Wine is produced in every state of Australia with more than 60 designated Australian wine regions however the most successful and well known producers are in the southern cooler parts of the country.
Australian Wine is a major industry both at a domestic and international level. In fact Australia is the fourth largest exporter of wine around the world with more than 700 million litres produced a year and it contributes over $5 billion per annum to the nation's economy.
It accounts for a very large imported wine market share in south Asian countries is the second largest imported wine into India and has a sizable share of the European, British and the United States markets.
Of course there's also a significant local market for Australian wines.
Throughout our history we have been traditionally a beer drinking nation but as with our food, our tastes are changing and wine is now beginning to challenge beer as the national drink.
Australians now consume nearly 500 million litres of wine per year. The wine industry is a significant contributor to the Australian economy through production, employment and export.
Perhaps the most notable of the Australian wine regions is the Barossa Valley in South Australia.
The Barossa Valley & the other wine producing areas of south Australia are famous for their Shiraz, Cabernet Sauvignon, Semillon, Grenache, Chardonnay and Riesling.
The Barossa is home of Penfolds, makers of the widely recognised and much decorated, world class, Penfold's Grange.
Other prominent Australian wine regions of South Australia include Clare Valley, Coonawarra, Fleurieu Peninsula and the Adelaide Hills. Get the full list of South Australian Wine Regions here.
The Yarra Valley & the other wine regions of Victoria are well known for their world class Cabernet, Pinot Noir, Shiraz, Chardonnay, Muscats, Tokays and Sauvignon Blanc.
Most notable wine producing regions in Victoria is the Yarra Valley, Heathcote, & Rutherglen. You can get the full Australian Wine Regions of Victoria here.
The New South Wales wine producing areas make wonderful Semillon, Merlot, Cabernet Sauvignon and Chardonnay.
In New South Wales it's the Hunter Valley, Central Ranges and Big Rivers regions. A full list of Australian Wine Regions of New South Wales is available here.
Western Australia produces some lovely Chardonnay, Cabernet Sauvignon, Shiraz, Pinot Noir and Sauvignon Blanc-Semillon blends.
In Western Australia the main wine producing area is the Margaret River. There are other regions and you can find those Western Australian Regions here.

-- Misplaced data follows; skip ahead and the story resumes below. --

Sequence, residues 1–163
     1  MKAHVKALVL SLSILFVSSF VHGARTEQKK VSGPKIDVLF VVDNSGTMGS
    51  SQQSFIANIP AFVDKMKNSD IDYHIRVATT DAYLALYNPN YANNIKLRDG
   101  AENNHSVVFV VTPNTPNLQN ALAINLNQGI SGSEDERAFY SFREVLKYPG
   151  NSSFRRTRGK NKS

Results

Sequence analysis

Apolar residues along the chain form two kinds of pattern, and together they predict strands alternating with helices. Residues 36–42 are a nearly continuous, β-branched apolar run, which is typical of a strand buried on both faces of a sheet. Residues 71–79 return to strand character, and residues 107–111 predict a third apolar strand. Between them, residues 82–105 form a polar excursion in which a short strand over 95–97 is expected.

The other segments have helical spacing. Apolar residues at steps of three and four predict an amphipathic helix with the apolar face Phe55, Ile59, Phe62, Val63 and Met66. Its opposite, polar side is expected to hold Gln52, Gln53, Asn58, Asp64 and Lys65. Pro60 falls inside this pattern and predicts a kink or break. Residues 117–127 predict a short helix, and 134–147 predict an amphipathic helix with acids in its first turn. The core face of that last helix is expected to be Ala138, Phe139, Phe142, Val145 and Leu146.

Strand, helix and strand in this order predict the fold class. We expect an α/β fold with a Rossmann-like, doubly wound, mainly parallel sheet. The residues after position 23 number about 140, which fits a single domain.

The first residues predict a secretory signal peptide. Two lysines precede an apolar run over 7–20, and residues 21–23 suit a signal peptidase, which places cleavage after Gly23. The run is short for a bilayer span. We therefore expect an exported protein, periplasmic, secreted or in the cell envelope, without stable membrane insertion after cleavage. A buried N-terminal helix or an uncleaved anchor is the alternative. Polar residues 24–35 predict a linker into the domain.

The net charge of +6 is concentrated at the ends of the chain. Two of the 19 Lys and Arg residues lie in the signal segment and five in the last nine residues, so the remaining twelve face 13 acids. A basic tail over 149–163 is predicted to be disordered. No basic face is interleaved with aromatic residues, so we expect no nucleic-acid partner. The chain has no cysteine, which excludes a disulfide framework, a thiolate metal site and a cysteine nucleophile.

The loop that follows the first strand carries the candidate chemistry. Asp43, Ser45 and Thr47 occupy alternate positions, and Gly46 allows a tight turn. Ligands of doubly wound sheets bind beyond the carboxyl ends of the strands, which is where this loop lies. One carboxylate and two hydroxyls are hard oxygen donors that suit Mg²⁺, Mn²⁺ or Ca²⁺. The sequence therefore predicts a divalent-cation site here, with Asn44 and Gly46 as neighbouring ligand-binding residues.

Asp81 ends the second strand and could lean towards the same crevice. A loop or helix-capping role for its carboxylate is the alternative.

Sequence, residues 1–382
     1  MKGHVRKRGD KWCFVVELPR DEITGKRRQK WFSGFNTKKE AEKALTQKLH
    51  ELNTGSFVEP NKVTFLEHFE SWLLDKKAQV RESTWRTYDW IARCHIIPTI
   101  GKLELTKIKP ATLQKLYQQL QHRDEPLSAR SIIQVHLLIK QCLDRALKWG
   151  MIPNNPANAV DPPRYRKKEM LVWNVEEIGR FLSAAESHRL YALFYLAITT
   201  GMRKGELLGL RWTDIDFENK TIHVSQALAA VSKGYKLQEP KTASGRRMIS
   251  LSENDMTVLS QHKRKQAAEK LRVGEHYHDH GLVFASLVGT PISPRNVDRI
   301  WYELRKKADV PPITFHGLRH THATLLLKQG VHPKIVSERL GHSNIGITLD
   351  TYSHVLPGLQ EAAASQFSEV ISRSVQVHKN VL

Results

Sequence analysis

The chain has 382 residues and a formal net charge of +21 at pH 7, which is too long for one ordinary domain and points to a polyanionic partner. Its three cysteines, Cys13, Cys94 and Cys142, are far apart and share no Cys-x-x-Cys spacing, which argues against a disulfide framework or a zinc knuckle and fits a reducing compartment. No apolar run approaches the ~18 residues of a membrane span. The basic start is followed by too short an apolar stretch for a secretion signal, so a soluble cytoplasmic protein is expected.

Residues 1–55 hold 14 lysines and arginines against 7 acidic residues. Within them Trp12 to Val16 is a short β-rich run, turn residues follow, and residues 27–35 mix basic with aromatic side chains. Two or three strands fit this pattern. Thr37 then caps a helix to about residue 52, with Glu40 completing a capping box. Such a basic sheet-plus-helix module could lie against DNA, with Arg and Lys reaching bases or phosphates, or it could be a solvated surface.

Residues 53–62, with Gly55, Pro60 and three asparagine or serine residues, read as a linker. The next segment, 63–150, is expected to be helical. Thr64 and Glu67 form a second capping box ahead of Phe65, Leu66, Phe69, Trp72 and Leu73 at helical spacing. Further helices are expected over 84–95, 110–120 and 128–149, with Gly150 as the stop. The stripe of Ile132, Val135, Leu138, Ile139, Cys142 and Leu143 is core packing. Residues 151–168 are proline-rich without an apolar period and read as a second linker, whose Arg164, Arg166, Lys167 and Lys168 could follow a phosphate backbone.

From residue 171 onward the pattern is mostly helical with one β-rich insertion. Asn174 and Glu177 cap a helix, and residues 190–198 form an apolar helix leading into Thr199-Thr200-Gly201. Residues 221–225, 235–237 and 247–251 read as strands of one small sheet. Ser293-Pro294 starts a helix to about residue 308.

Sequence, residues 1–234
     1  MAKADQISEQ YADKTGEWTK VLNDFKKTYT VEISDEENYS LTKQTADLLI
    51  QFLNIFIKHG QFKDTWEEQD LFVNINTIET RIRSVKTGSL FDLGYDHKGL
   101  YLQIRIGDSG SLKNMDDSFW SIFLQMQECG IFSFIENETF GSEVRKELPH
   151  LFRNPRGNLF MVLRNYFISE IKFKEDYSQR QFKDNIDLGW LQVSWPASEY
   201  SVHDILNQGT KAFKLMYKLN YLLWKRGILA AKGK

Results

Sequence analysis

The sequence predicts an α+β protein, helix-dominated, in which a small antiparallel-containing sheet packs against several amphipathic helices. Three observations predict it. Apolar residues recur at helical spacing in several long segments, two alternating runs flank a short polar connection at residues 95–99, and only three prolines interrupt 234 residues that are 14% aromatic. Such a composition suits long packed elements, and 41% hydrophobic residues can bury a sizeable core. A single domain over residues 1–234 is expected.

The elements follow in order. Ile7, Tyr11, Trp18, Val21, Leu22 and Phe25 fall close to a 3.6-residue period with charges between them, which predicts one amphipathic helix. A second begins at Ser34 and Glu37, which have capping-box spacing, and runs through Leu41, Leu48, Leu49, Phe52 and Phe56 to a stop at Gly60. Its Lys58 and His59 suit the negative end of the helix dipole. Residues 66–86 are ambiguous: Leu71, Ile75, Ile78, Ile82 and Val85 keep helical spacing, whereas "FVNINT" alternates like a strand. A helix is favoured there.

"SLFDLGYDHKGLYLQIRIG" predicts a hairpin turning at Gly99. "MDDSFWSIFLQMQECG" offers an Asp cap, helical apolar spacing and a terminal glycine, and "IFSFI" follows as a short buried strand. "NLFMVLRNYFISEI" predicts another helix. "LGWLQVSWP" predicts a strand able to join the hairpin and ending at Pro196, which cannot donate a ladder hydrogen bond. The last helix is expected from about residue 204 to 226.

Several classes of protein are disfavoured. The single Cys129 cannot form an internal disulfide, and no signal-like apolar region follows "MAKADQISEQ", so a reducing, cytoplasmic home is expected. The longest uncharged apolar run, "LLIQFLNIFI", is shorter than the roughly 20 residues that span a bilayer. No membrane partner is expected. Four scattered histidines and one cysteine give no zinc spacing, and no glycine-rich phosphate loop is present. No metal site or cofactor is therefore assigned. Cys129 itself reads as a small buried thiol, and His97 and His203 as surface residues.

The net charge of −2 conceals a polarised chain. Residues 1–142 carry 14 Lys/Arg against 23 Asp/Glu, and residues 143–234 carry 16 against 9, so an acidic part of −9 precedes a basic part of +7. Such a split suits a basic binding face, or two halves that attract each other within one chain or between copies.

Each of these areas also attracts large tourist numbers, adding further to the economic value of the wine industry.
The Australia wine regions in each of the states produce different wine varieties and styles that take advantage of the climatic differences, topography and soil types.
The major varieties grown are predominantly the ones listed above but there has been a move in more recent times to introduce new varieties which include Verdelho, Petit Verdot and Pinot Gris.
Wines are generally labelled with their grape variety, which by law must constitute at least 85% of the wine, and also their region.
I remember my very first trip to France, some years ago now, where I was totally confused by the labelling system of regions only. Mind you it was fun buying a bottle of wine and having absolutely no idea what variety it was. I learned very quickly though.
South Australia is responsible for most of the production of wine followed by Victoria, New South Wales and Western Australia.
In recent years the Tasmanian wine industry has emerged as a producer of high quality wines, in particular the Tamar Valley has developed a reputation for its Chardonnay and Pinot Noir. Australian Wine Regions of Tasmania can be found here.
Queensland is also developing a wine industry with over 100 vineyards now registered in that state. See where the Queensland Wine Regions are.
The sale of Australian wine locally underwent something of a revolution back in the 1960's with the invention of the 'wine cask', sometimes referred to as a 'bag in a box'.
The wine cask was first introduced by Thomas Angove of Angove's Wines, a South Australian company, and consists of a cardboard box with an airtight plastic bladder inside and a tap connected to the bladder.
Just turn on the tap and out comes the wine! This invention has now spread world-wide but is still most popular in Australia and is responsible for the sale of very large quantities of cheaper quality Australian wine.
If you're planning to travel to Australia soon and you're a lover of fine wine and good food, do yourself a big favour and be sure to include a visit to at least one or two of the Australian wine regions in your itinerary.
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